Senators to Verizon subcontractor: End pregnancy discrimination
XPO Exposed Facebook page.

MEMPHIS — Nine U.S. senators, led by Elizabeth Warren of Massachusetts and Richard Blumenthal of Connecticut, demanded that Verizon and the subcontractor that runs its Memphis warehouse, XPO Logistics, answer published details about unusually high levels of pregnancy discrimination there – and take definitive detailed steps to stop it.

In letters to Verizon CEO Hans Vestberg and XPO CEO Bradley Jacobs, the group also demanded details of both firms’ policies on legal accommodations for temporarily disabled, pregnant workers, and their policies for preventing pregnancy discrimination on the job.

And in the letter to Verizon’s Vestberg, the lawmakers chide his firm for permitting such discrimination, especially by one of its subcontractors.

The Nov. 20 letters follow a New York Times investigative story a month before about working conditions at XPO’s Memphis warehouse. Its workers pack and ship Verizon devices.

The Communications Workers, who represent most Verizon workers, have often had rocky relations with that firm. The Teamsters, who represent some XPO workers, have found themselves walking informational picket lines, especially in the South, over working conditions.

The lawmakers also reminded both companies they hold federal contracts — $85 million in Verizon’s case – and that federal law comes down particularly hard on federal contractors who discriminate on the basis of pregnancy.

Pregnancy discrimination violates federal equal employment opportunity and civil rights laws, and those same laws order firms to make “reasonable accommodations” for pregnant workers, especially workers who produce MDs’ orders for such changes.

Yet at the Memphis warehouse, XPO routinely ordered pregnant women to lift and shift parcels and devices weighing 50-75 pounds each. They were also forced into excessive bending and standing for extremely long periods of time. In guidelines for care for pregnant women, the American College of Obstetricians and Gynecologists, bans such actions especially for women with high-risk pregnancies.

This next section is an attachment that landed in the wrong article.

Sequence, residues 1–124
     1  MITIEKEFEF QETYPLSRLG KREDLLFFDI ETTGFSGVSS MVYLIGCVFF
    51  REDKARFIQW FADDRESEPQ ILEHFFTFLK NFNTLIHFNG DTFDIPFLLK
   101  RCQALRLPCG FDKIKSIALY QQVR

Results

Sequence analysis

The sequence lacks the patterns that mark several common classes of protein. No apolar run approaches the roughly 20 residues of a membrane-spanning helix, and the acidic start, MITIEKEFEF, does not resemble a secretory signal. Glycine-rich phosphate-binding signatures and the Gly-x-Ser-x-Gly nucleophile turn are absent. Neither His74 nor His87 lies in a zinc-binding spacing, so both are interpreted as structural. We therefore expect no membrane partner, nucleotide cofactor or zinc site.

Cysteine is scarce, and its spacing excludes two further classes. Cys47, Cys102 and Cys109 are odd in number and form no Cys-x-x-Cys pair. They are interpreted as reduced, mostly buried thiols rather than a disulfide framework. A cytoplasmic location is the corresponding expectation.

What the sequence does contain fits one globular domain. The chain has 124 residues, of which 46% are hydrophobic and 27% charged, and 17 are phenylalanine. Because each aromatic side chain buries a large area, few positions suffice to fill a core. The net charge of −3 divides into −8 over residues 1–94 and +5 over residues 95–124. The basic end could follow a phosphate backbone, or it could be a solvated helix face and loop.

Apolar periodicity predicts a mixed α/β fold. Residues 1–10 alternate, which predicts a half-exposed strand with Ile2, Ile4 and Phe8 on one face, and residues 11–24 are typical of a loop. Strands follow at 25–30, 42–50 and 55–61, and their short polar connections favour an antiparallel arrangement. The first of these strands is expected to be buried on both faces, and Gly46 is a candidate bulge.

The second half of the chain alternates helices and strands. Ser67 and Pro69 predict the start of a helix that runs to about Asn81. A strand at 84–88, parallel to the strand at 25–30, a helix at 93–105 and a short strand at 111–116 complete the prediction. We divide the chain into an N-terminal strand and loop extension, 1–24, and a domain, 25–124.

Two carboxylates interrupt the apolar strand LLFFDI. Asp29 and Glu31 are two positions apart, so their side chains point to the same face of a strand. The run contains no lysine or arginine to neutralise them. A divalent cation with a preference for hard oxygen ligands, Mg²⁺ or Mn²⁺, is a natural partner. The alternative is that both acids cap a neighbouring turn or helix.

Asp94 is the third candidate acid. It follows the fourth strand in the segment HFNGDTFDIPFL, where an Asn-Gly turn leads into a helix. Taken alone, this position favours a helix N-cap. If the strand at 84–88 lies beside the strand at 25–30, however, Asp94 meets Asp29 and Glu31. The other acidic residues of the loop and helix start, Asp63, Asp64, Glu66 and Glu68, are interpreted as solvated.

But XPO disregarded the guidelines, forced the women into heavy work, and higher-than-normal rates of miscarriages resulted, the letters to the CEOs said.

“Women should never, while pregnant or at any time during parenthood, be forced to choose between having a child and continuing to work to put food on the table,” both letters added. “Despite this, an untold number of women have been fired, passed over for promotions, denied otherwise-reasonable work accommodations or otherwise been discriminated against because of pregnancy or pregnancy-related medical conditions.”

“This inexcusable discrimination leads to lost paychecks, unemployment, retaliation or job changes,” besides the miscarriages at the XPO warehouse, the senators said. The XPO workers have also complained about sexual harassment at the Memphis warehouse and other XPO facilities in Tennessee.

Besides Democrats Blumenthal and Warren, Democratic Sens. Tina Smith (Minn.), Kirsten Gillibrand (N.Y.), Kamala Harris (Calif.), Mazie Hirono (Hawaii), Tammy Baldwin (Wis.) and Tammy Duckworth (Ill.), plus independent Bernie Sanders of Vermont signed the letters. The nine demanded the CEOs reply by Dec. 4.


CONTRIBUTOR

Mark Gruenberg
Mark Gruenberg

Mark Gruenberg is head of the Washington, D.C., bureau of People's World. He is also the editor of Press Associates Inc. (PAI), a union news service in Washington, D.C. that he has headed since 1999. Previously, he worked as Washington correspondent for the Ottaway News Service, as Port Jervis bureau chief for the Middletown, NY Times Herald Record, and as a researcher and writer for Congressional Quarterly. Mark obtained his BA in public policy from the University of Chicago and worked as the University of Chicago correspondent for the Chicago Daily News.

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